BERWICK ADVERTISER, 24 DECEMBER 1915
FAILING TO EDUCATE
Jane Williamson, widow, Berwick, was charged with having failed to send her son John, aged 10 years, to school, as required by law. She pleaded guilty.
Mr Thos. Barker, School Attendance Officer, said the boy was a pupil at the Roman Catholic School, when he did attend, but which was not often. He had made 22 attendances out of 144, therefore being no fewer than 122 times absent. The boy was neglected by the mother, and since October 15 he had not attended school once.
Accused made a statement that she had been frequently out of the town and had visited Edinburgh several times to see her daughter who was in the Infirmary there.
Mr Barker said the case had been four times before the Education Committee prior to proceedings being taken.
The Chief Constable having been asked by the bench to state what he knew of the boy, said the mother went about the countryside collecting old clothes and selling plants. The boy was simply running about wild and the mother evidently thought she could put everyone at defiance.
Mr McCreath (who presided in the absence of the Mayor) – Have you anything to say. This is something horrid, neglecting your child like this.
Accused replied that she had nothing further to say.
In passing sentence of 7s 6d, or seven days, Mr McCreath said she must really consider her child in a matter of this kind. She must see that the boy in future went regularly to school, and should her case ever come up before the Bench again she would be more severely dealt with.
FROM THE TRENCHES TO FREEDOM
On Wednesday morning, Corpl Chas Mace, 7th Northumberland Fusiliers, third son of Mr Charles Mace, joiner and undertaker, Berwick, was admitted to the Freedom of the Burgh. Corporal Mace is home at present upon short leave from the front and took this opportunity of entering the Freedom. The Mayor, Ald. J W Plenderleith in welcoming Corporal Mace said he had already earned promotion in the regiment to which he belonged, and they hoped that might soon be still further advanced, also that in any vocation in life to which he might be called, be it civil or military, he should continue to uphold the traditions of the ancient Burgh.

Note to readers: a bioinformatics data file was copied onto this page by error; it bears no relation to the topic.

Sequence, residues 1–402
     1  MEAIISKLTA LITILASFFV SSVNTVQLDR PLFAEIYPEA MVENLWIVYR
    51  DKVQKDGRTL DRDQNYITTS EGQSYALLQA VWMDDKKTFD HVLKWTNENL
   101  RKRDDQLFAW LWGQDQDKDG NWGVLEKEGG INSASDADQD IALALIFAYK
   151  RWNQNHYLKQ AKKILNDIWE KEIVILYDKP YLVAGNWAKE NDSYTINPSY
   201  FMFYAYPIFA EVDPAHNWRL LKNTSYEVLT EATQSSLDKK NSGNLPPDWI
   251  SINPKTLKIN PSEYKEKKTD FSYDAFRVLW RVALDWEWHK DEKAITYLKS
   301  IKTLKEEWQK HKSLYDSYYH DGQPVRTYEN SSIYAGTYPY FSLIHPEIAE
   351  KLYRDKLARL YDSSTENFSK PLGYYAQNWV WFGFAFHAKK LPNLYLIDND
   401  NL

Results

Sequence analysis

PIPER LAIDLAW, V C.
Loos Hero’s Welcome in Northumberland
Piper Daniel Logan Laidlaw, V.C., the first Berwickshire native and the first member of the King’s Own Scottish Borderers to win the V.C. in the war, was received with much enthusiasm on the occasion of his return from hospital to his home at Doddington. Before leaving Wooler Station he took the opportunity to urge on the crowd assembled the need for more men, so that the Germans might be pushed back in France at the earliest possible moment.
Under the village Cross at Doddington the vicar (Rev. J. G. Shotton) presented an address of welcome.
The Hon. F. W. Lambton of Fenton, formerly of the Coldstream Guards, said Piper Laidlaw had shown not only valour, but also initiative and touch of genius which enabled a man to do the right thing at the right moment. Initiative was one of the symptoms of the true soldier which we wanted to see encouraged and from his own experience in the Army he knew how much the men appreciated it.
After thanking the inhabitants for the address, Piper Laidlaw was carried shoulder high to his own cottage. His wife and four children accompanied him.
All the residents of the village were entertained to tea and a concert, at which Piper Laidlaw played on the pipes “Blue Bonnets over the Border,” with which he rallied his comrades at Loos, and “Standard on the Braes of Mar” with which he accompanied their charge.
Piper Laidlaw is a native of Swinton, Berwickshire, and on his homeward journey to Doddington, he was welcomed by his aged parents, who now live at Whittingham.
PRESENTATION OF LIFEBOAT AWARDS
Postponement of Ceremonial
The ceremonial, under the auspices of the Berwick Branch of the Royal National Lifeboat Institution, of presenting the silver medal to James Jamieson, second coxswain of the Berwick Lifeboat, and who acted as coxswain on the occasion of saving 6 lives from the motor boat, Redhead on Wednesday , November 10th last., the monetary awards to the members of the crew and the Spittal fishermen, who so gallantly assisted in getting the lifeboat into the harbour, as well as a vote of thanks on vellum to the Hon. Secretary, Dr C.L. Fraser, for acting as second coxswain, was to have taken place in Berwick Playhouse on Thursday afternoon (23d instant).
At the last moment, however, it was decided to postpone the function owing to the limited attendance of the public due to the fact that with the approach of Christmas, there was no usual half holiday.